I recently transitioned from DC to salmon country to carry out the second half of my Fellowship working on the rivers of the Puget Sound in Washington State. The Puget Basin is home to some of the most spectacular river ecosystems in the United States, many of which own tremendous cultural value. I’m here to work with regional partners in implementing concepts we’ve developed over the past year; to learn how floodplains can be restored to support rivers, and to develop capacity for successful restoration and conservation projects on the ground. I’m involved in work that is impactful to rivers, benefits communities, and rewarding to me on a personal level. I already know that the skill sets developed, experiences gained, and relationships built through the Lapham Fellowship will benefit me for years to come. I may even get to call myself a conservationist one day.

Jonathon LoosJonathon Loos, Lapham Fellow 2015-2017



September 24, 2014

Coming out of law school, I fully expected to be working somewhere drafting memos, checking Bluebook citations, and occasionally going outside. Nothing big, nothing special, and definitely not saving the world. In the past year, as the Anthony A. Lapham Conservation Fellow, I have had the opportunity to draft legislation for U.S. Senators, raft down the Colorado River, meet with farmers and ranchers concerning water conservation, and work with a dedicated conservation team on issues pertaining to the future of water in the West. Let’s just say my expectations have been surpassed.

The Lapham Fellowship provides young professionals with an opportunity to dive head first into important policy and scientific issues and contribute to meaningful projects, work that otherwise would be inaccessible to recent graduates. The Fellowship offers an opportunity to network with other conservation professionals; gain valuable hands on experience in policy, research, and communications; and be part of an organization that uses a pragmatic approach towards solving complex issues concerning the fate of our most precious resource.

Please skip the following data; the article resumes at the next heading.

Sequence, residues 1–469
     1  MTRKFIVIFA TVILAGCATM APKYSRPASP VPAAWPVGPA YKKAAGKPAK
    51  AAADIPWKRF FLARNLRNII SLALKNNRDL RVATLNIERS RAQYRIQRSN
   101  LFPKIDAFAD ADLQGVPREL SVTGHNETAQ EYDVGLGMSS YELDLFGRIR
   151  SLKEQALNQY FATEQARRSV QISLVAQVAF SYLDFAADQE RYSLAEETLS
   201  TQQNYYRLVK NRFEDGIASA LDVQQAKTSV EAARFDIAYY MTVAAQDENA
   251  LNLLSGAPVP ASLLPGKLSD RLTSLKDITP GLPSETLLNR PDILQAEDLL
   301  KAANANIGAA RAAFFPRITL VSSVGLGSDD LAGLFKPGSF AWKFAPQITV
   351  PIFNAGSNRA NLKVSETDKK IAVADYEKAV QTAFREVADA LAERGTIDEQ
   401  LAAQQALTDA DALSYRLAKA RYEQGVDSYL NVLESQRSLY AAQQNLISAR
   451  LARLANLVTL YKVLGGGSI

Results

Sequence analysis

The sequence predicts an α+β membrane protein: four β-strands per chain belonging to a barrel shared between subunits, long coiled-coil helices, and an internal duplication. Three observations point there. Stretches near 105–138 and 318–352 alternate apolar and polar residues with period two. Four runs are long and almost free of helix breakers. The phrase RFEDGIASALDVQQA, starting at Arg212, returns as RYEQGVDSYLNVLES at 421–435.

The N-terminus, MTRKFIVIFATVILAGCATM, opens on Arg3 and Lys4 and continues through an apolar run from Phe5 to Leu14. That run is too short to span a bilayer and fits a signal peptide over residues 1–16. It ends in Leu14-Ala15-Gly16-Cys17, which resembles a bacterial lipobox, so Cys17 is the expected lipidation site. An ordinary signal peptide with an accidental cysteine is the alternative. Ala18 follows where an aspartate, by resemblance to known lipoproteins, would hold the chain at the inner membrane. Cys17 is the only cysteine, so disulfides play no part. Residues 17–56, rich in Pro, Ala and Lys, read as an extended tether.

As the Lapham Fellow, my work focuses on supporting public policies and programs that promote agricultural water conservation initiatives that help sustain working farms, while benefiting overall watershed health. In particular, I’m working on several projects examining federal financing for water conservation, including the Farm Bill, to determine how those programs can promote instream flows, water conservation efforts and landscape scale restoration. Through this work, I’ve had the opportunity to engage with Congressional staff, agency officials, watershed groups, and agricultural stakeholders across the western United States. Working on agricultural water conservation has also helped strengthen my background in water law, hydrology, ecology, and policy, helping me to become a better rounded conservation professional. Finally, the Lapham Fellowship provides an amazing opportunity to explore and work on those issues I feel strongly about. I really feel like my work is contributing to the overall goal of river conservation and environmental protection, and will provide me a solid foundation for a long career in conservation policy.

Alex Funk
Gila River, NM

Alex Funk, Lapham Fellow 2013-2015

Alex is now a Policy Analyst and Staff Attorney for the National Young Farmers Coalition.